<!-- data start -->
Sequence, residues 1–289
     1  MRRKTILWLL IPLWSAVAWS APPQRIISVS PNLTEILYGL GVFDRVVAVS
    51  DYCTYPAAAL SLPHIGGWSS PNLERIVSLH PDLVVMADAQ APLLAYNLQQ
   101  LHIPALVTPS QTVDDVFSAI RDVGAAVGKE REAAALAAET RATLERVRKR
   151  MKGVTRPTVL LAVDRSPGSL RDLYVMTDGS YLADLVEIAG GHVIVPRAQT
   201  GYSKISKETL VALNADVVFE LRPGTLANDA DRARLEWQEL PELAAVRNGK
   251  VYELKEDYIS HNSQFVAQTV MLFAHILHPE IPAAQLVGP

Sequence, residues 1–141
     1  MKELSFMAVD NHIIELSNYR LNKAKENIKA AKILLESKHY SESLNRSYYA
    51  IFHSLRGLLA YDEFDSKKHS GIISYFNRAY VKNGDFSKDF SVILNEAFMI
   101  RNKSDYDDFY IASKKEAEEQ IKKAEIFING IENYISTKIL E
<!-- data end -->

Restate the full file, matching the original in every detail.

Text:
Sequence, residues 1–289
     1  MRRKTILWLL IPLWSAVAWS APPQRIISVS PNLTEILYGL GVFDRVVAVS
    51  DYCTYPAAAL SLPHIGGWSS PNLERIVSLH PDLVVMADAQ APLLAYNLQQ
   101  LHIPALVTPS QTVDDVFSAI RDVGAAVGKE REAAALAAET RATLERVRKR
   151  MKGVTRPTVL LAVDRSPGSL RDLYVMTDGS YLADLVEIAG GHVIVPRAQT
   201  GYSKISKETL VALNADVVFE LRPGTLANDA DRARLEWQEL PELAAVRNGK
   251  VYELKEDYIS HNSQFVAQTV MLFAHILHPE IPAAQLVGP

Sequence, residues 1–141
     1  MKELSFMAVD NHIIELSNYR LNKAKENIKA AKILLESKHY SESLNRSYYA
    51  IFHSLRGLLA YDEFDSKKHS GIISYFNRAY VKNGDFSKDF SVILNEAFMI
   101  RNKSDYDDFY IASKKEAEEQ IKKAEIFING IENYISTKIL E